I understand that people cannot always determine the length of a relationship, however, the majority of people do know whether or not they are in a lasting relationship. Stepparents must be extra careful when considering this because if the relationship should be dissolved the stepparent has no legal rights to the children. If you have been in their lives for a while it can have damaging effects on you and the children. When a marriage breaks up and natural parents separate the children will usually still be involved with both parents. When a stepparent and a natural parent separate, the stepparent no longer has the right to see or be involved with the children. You need to really consider the possibility of this issue and determine whether or not you will be able to live with that. If you can’t or you think you may not be able to, do not get involved. While we all get married with the idea that our marriage will be the one that spans a lifetime, nothing in life is certain except death. It is a fact you must face and plan for prior to becoming emotionally attached to someone else’s child.

When you have thought over every possibility and decided that you are indeed ready to enter the world of step parenting there are a few more things you should consider. Sometimes children are eager to welcome you into their lives. This could be the case if the natural parent you mirror is not or was not much of a parent. It could also be the case if the natural parent has died and sometimes it is just a very warm and loving child. However, allowing a child to call you “Mom or Dad” before a legal commitment is made is something that should be reconsidered. It can be hard to resist sometimes but allowing the children to give you that title can cause some major problems. First if the natural parent is still in the child’s life they can become terribly jealous and fearful that the child will love you more than them. This can cause serious issues with visitation and custody arrangements. Also, should the relationship dissolve the child is left feeling that ‘another’ parent has left them. Lastly if you allow the children to label you with the title of “Mom or Dad” and the relationship should be dissolved it will make it harder to leave because of guilt over leaving the children.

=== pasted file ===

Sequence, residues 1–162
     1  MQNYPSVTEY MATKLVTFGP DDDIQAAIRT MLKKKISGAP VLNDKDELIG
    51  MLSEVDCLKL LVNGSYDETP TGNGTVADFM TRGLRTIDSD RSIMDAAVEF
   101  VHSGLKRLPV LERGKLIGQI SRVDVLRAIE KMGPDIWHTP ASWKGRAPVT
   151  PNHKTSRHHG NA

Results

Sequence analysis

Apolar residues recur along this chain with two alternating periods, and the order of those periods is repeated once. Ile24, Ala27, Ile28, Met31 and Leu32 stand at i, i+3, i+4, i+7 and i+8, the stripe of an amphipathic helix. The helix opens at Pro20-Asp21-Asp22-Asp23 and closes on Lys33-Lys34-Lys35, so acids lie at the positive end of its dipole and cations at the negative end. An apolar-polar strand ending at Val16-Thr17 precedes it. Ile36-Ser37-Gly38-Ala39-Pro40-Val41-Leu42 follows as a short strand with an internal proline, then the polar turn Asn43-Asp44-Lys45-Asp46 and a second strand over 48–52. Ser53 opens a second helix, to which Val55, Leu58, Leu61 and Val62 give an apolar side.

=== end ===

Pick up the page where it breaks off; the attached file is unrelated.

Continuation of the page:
There was a case not too long ago where a young woman became involved with a man who had a couple of children. One of them lived with him and the other did not. Everything seemed fine at first until the natural mother saw the stepmother forming a very strong bond with the child that lived in the home. The child soon called the stepparent “Mama” and the natural mother became enraged. The natural mother had very little to do with the child and in fact was pregnant by another man. Despite this fact she could not stand the thought that her child could possibly love another person in a child/parent way. The stepmother did everything she could to give the stepchild the love and attention that had been lacking in her life. She taught her things to get her level of learning where it should be for a child of her age, she cared for her when she was sick, she trained her to the potty and loved the child as if she were her own. All of this only further enraged the natural mother. In this case it would have suited the natural mother just fine if the stepmother had really been a wicked stepparent. Eventually she decided that her child should not be loved by anyone else and had the child removed from her father a year after she had walked out on him and their child. That was not enough for her though. She continued to try and get the visitations limited and actually talked badly about the stepmother to the child and to the man’s other child. When her efforts fell short of driving the step-mother away and fell short of destroying the bond the step-mother had with the child she tried to do everything in her limited power to separate the natural father and the step-mother. When she was finally confronted with her behavior she explained to the natural father that she had done all of this because she did not like her child calling the stepmother “Mama”.